G-7 opposition to China’s Belt and Road Initiative welcomed, but needs more coherence


G-7 leaders finally came up with the Build Back Better World (B3W) project to counter China’s growing influence in more than 100 countries through Belt Road Initiative (BRI) projects. The proposal, although in its infancy, aims to close the infrastructure investment gap in developing and low-income countries – the space that has been increasingly conquered by China through 2,600 projects. BIS with billions of dollars in investment. BRI projects are seen as corrosive tactics or debt traps set by China for its strategic dominance in world trade, foreign policy and geopolitics. So B3W is a welcome but late stage.

Counter-strategy is needed to lower Chinese leverage. A macro view of BRI projects across geography – quantum and investment model – clearly reflects the motive for international economic integration centered on China, production networks, hegemony in the Asia-Pacific region and ultimately , the global economy. Since the creation of the BIS in 2013, Beijing’s outward investment has been aggressive, with the ratio of FDI outflows to Chinese inflows falling from around 0.34 to 1 between 2001 and 2010. In terms of volume, FDI outflows increased to an average of $ 140 billion in 2016-19, compared to an annual average of $ 25 billion in 2001-10. China’s share of FDI outflows increased from 2.3% between 2001 and 10% to 10.7% between 2016 and 2019.

China had an aggregate exposure of around $ 750 billion – $ 293 billion in investments and 461 billion in construction contracts – between 2013 and mid-2020. After the BRI, there is a sudden surge in investment – around $ 40 billion a year between 2013 and 2019 – in BRI countries, although investment has slowed due to the pandemic. Since the inception of the BRI, China has signed various projects worth $ 548.4 billion, four-fifths of which are in BRI participating countries ($ 461 billion). After 2013, there was a sudden increase in infrastructure investments in BRI projects compared to investments in non-BRI projects.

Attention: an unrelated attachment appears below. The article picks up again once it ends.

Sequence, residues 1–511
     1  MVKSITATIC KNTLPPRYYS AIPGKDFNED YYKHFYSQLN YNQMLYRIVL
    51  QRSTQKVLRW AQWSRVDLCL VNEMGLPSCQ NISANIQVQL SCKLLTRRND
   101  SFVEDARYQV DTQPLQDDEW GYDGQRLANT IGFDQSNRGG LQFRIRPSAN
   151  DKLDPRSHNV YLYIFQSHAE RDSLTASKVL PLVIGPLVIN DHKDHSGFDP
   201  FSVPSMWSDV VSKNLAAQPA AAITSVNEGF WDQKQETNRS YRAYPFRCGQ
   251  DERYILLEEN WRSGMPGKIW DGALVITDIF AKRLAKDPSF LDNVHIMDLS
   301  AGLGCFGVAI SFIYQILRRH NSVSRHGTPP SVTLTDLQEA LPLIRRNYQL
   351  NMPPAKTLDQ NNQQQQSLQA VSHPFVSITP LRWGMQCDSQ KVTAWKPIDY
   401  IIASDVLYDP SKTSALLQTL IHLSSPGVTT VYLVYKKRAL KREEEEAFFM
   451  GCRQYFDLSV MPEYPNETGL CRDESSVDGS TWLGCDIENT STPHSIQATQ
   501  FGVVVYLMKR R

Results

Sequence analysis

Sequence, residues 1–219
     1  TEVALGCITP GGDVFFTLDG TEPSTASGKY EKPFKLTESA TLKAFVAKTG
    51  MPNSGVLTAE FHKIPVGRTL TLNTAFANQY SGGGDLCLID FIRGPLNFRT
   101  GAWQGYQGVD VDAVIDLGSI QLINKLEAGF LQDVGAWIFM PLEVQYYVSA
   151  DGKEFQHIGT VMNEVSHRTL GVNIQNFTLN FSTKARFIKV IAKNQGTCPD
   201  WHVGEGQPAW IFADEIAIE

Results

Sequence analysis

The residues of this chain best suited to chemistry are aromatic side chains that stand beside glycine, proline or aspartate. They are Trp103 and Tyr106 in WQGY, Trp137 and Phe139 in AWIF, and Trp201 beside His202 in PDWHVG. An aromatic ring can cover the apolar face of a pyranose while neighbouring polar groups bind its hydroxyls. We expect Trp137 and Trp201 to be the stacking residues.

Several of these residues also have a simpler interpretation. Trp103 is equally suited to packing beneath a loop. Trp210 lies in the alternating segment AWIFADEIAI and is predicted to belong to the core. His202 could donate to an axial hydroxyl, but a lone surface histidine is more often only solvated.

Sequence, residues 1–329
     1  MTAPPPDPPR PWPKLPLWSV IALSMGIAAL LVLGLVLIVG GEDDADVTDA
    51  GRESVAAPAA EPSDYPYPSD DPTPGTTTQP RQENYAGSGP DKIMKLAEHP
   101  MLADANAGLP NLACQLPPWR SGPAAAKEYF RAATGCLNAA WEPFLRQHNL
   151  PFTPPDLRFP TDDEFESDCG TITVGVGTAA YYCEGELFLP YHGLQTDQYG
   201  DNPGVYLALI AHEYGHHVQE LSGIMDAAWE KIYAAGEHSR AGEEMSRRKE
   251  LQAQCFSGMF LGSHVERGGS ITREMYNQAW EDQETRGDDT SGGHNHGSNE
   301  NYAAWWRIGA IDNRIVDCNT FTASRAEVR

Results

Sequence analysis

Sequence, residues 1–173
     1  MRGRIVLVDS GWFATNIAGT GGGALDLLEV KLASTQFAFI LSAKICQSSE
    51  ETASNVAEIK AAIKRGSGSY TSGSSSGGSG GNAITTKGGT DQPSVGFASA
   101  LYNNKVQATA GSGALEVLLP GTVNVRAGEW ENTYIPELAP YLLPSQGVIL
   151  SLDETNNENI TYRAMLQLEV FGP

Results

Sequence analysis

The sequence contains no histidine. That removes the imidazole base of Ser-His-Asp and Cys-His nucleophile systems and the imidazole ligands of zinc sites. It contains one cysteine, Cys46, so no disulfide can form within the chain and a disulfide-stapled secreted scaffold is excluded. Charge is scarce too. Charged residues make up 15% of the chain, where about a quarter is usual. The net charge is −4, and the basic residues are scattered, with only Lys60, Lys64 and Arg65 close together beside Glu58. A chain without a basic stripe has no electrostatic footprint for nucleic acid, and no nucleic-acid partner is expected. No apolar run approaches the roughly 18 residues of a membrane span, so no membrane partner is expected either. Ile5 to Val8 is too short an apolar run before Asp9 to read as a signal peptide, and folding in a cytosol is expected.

From 2013 to mid-2020, China was exposed to large contracts worth around $ 123 billion in sub-Saharan Africa, mainly with Nigeria, Zambia, Ethiopia, Angola, Tanzania and the United States. Kenya, mainly focused on hydropower and petroleum, maritime and rail transport. China has strategically made Kenya the African hub and plans to connect it with other landlocked countries in the region including Uganda, South Sudan, Rwanda, etc.

Central, South and West Asia is China’s second preferred region under the BRI, as construction contracts worth $ 110 billion are pending and 80% of contracts are concentrated in Pakistan, Bangladesh, Russia, Iran and Kazakhstan. The China-Pakistan Economic Corridor (CPEC), Bangladesh-China, India, Myanmar Economic Corridor (BCIM) and the Colombo Port City Project in Sri Lanka, among others, are important projects of the BRI. . China has a plan to complete 4,000 km of railroads and 10,000 km of highways in the Central Asian region under the BRI, at an estimated cost of $ 16 billion. Some of the major projects include freight trains between China, Turkey and Kazakhstan, and gas pipelines (Siberia and Altai) for the production and transportation of oil and natural gas.